In modern physics, the double-slit experiment is a demonstration that light and matter can display characteristics of both classically defined waves and particles; moreover, it displays the fundamentally probabilistic nature of quantum mechanical phenomena.

This type of experiment was first performed, using light, by Thomas Young in 1801, as a demonstration of the wave behaviour of light. At that time it was thought that light consisted of either waves or particles. Take a look at our page on Dark Matter and Quantum Physics.

With the beginning of modern physics, about a hundred years later, it was realized that light could in fact show behaviour characteristic of both waves and particles. In 1927, Davisson and Germer demonstrated that electrons show the same behaviour, which was later extended to atoms and molecules. 

Thomas Young's experiment with light was part of classical physics well before quantum mechanics, and the concept of wave-particle duality.

He believed it demonstrated that the wave theory of light was correct, and his experiment is sometimes referred to as Young's experiment or Young's slits.

The experiment belongs to a general class of "double path" experiments, in which a wave is split into two separate waves that later combine into a single wave. Changes in the path lengths of both waves result in a phase shift, creating an interference pattern. Another version is the Mach–Zehnder interferometer, which splits the beam with a mirror.

In the basic version of this experiment, a coherent light source, such as a laser beam, illuminates a plate pierced by two parallel slits, and the light passing through the slits is observed on a screen behind the plate.  The wave nature of light causes the light waves passing through the two slits to interfere, producing bright and dark bands on the screen – a result that would not be expected if light consisted of classical particles. However, the light is always found to be absorbed at the screen at discrete points, as individual particles (not waves); the interference pattern appears via the varying density of these particle hits on the screen. Furthermore, versions of the experiment that include detectors at the slits find that each detected photon passes through one slit (as would a classical particle), and not through both slits (as would a wave).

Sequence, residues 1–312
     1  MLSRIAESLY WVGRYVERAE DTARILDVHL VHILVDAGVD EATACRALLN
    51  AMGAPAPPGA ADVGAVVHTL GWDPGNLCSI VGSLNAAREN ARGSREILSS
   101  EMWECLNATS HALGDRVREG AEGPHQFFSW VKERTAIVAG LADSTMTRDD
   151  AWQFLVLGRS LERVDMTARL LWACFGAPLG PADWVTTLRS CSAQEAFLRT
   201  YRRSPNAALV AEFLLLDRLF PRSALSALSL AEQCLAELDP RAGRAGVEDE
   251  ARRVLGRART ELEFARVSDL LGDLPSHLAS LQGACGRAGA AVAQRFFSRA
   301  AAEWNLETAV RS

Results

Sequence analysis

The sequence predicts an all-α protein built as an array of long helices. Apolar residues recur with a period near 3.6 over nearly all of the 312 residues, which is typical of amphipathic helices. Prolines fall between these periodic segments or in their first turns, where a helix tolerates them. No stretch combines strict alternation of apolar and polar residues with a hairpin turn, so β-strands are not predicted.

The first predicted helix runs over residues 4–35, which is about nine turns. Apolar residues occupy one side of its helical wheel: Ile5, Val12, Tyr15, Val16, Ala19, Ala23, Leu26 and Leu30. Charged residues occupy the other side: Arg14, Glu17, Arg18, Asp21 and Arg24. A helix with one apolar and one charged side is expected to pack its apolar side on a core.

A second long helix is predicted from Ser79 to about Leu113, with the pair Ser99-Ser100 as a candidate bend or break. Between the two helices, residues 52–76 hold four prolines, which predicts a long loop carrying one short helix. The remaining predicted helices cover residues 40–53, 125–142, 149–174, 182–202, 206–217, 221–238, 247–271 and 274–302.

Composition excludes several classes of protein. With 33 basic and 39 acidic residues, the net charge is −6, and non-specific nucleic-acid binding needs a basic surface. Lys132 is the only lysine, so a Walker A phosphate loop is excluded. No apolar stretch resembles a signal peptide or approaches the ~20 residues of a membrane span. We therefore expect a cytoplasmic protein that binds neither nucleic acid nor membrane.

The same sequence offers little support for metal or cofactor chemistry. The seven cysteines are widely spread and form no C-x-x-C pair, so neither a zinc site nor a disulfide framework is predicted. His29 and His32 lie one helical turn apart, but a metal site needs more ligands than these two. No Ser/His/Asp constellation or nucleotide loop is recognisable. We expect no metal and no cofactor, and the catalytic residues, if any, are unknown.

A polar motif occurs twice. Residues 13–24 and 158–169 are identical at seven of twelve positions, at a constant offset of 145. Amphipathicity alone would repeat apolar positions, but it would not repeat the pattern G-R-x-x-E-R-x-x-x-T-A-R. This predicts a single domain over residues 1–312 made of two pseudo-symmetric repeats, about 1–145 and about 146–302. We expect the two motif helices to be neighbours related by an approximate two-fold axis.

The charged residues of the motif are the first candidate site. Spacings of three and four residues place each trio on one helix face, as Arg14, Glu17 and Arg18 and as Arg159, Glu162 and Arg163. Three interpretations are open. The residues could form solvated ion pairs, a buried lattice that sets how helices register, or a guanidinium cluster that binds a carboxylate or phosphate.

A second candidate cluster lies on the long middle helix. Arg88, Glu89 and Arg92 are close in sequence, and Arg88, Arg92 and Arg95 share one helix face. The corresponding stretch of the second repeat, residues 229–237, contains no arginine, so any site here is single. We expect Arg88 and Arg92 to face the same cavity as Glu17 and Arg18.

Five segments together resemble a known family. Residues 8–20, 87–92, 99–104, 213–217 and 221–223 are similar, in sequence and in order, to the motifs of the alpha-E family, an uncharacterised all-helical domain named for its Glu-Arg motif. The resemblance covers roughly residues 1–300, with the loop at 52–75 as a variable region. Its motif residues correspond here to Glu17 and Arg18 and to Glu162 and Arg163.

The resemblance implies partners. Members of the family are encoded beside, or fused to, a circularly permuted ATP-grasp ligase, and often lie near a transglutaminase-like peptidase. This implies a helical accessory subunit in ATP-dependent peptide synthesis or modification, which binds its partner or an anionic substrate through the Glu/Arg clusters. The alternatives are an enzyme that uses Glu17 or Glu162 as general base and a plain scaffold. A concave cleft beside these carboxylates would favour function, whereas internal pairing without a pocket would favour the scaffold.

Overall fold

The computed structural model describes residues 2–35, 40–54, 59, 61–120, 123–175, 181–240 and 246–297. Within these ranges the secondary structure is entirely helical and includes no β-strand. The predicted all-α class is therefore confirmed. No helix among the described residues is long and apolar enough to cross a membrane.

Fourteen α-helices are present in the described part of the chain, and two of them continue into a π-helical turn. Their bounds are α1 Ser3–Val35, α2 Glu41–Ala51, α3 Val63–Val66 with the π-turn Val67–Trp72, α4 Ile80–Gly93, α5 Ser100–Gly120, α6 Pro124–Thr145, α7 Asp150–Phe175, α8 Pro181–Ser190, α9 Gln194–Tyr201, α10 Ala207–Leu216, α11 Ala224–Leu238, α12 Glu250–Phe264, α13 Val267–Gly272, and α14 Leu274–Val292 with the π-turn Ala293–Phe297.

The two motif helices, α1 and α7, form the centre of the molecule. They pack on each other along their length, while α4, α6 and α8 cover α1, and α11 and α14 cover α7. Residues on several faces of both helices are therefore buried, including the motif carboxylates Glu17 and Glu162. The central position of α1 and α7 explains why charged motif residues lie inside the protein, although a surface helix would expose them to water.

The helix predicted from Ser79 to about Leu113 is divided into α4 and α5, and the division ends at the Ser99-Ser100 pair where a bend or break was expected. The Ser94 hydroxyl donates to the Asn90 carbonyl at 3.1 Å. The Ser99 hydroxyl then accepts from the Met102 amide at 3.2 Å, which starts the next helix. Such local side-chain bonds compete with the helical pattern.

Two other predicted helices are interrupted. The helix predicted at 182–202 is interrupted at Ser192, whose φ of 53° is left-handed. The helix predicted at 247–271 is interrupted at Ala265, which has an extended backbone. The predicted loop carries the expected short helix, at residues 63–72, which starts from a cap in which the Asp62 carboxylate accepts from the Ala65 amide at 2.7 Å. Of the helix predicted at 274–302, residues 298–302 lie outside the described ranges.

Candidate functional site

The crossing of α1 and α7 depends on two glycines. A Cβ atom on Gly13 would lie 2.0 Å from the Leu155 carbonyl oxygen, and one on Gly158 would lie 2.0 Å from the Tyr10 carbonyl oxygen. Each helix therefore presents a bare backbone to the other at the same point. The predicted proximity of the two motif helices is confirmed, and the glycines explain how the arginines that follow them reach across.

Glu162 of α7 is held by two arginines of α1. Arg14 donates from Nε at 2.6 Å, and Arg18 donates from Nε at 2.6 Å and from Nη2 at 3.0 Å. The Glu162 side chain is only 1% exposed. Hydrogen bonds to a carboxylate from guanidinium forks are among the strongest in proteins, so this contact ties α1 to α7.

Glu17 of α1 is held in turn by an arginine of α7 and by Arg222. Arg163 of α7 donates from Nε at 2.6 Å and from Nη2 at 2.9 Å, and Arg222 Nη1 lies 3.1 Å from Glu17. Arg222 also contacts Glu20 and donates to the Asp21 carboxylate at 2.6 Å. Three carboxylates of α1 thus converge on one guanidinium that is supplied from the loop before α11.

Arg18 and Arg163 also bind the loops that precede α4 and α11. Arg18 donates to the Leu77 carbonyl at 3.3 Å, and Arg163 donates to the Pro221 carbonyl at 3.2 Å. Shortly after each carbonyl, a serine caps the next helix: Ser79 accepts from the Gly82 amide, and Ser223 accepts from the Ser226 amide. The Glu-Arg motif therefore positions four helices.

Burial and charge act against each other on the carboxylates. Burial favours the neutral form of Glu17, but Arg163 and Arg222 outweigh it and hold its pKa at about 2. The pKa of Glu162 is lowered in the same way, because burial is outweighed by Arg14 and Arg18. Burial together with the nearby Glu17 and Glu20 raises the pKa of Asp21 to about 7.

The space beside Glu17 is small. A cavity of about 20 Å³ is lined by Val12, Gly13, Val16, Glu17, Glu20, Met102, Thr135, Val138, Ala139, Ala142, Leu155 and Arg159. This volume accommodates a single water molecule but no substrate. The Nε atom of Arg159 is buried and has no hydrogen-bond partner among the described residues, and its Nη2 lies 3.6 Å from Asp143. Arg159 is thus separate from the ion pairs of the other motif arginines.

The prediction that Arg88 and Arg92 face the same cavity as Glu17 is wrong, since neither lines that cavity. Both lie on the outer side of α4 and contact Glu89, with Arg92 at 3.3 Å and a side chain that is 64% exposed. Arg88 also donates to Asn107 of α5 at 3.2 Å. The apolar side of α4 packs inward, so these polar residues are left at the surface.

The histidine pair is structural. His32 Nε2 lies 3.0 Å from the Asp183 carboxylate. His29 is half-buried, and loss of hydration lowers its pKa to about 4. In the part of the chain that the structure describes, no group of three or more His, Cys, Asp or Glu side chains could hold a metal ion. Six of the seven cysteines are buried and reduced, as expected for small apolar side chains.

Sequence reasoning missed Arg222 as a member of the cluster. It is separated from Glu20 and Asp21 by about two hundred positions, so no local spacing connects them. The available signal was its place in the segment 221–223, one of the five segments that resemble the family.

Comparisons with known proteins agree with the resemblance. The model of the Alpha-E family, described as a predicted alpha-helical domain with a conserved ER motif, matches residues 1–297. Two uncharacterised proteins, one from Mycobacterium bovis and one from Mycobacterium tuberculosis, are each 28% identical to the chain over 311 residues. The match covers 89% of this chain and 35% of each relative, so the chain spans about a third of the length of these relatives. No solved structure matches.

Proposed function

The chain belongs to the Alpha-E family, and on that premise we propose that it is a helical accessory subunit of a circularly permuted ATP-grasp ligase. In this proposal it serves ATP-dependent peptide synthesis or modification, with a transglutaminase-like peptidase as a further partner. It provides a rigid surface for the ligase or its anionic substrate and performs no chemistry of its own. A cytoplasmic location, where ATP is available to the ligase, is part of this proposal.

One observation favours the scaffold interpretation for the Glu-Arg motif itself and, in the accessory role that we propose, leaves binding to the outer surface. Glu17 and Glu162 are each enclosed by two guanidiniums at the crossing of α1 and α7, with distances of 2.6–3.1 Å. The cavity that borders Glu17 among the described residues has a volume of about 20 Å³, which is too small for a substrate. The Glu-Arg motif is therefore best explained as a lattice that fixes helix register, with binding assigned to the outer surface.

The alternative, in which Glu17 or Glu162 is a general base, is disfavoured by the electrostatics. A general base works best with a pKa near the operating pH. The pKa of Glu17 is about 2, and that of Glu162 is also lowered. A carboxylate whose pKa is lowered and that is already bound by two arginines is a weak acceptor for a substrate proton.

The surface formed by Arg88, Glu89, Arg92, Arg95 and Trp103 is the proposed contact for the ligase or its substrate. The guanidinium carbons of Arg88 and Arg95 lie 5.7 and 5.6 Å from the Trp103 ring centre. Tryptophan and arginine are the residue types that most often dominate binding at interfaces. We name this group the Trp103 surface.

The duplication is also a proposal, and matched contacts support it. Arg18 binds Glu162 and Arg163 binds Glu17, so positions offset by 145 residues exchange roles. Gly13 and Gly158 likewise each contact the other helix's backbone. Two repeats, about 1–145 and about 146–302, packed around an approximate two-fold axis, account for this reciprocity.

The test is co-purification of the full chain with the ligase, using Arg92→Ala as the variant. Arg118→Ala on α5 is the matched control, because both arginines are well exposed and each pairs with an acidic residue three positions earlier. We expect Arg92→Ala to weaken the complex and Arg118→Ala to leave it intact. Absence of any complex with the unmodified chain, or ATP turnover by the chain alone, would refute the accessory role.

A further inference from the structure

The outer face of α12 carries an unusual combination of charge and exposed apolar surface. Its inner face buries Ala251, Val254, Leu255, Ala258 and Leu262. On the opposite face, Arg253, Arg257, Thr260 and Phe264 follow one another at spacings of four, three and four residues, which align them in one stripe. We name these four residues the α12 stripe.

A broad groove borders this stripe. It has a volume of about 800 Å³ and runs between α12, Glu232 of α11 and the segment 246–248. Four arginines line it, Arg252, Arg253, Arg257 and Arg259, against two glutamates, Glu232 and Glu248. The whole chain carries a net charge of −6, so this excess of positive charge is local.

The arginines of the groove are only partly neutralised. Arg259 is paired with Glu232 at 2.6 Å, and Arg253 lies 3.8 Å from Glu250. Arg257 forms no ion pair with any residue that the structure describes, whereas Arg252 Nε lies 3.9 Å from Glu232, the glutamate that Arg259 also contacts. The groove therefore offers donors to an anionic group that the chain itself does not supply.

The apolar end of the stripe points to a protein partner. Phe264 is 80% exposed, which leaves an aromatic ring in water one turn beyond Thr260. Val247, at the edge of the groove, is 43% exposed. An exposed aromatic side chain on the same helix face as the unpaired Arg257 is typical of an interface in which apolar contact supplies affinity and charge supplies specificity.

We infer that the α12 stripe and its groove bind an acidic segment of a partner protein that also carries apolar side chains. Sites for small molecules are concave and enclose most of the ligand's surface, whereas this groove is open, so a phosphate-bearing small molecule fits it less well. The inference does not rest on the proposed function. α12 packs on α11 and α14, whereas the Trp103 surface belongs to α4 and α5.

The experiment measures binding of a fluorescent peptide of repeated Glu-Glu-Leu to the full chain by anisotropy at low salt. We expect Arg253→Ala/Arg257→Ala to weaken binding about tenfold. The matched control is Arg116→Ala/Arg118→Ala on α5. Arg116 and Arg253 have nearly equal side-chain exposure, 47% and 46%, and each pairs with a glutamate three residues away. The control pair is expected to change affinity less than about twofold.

However, such experiments demonstrate that particles do not form the interference pattern if one detects which slit they pass through. These results demonstrate the principle of wave-particle duality.

The slit experiment isn't a new idea, the first time it was used before quantum physics stole the idea, was used as a primitive moving picture device.

The zoetrope (above) consists of a cylinder with cuts (slits) vertically in the sides.

On the inner surface of the cylinder is a band with images from a set of sequenced pictures. As the cylinder spins, the user looks through the cuts at the pictures across. The scanning of the slits keeps the pictures from simply blurring together, and the user sees a rapid succession of images, producing the illusion of motion. From the late 19th century, devices working on similar principles have been developed, named analogously as linear zoetropes and 3D zoetropes, with traditional zoetropes referred to as "cylindrical zoetropes" if the distinction is needed.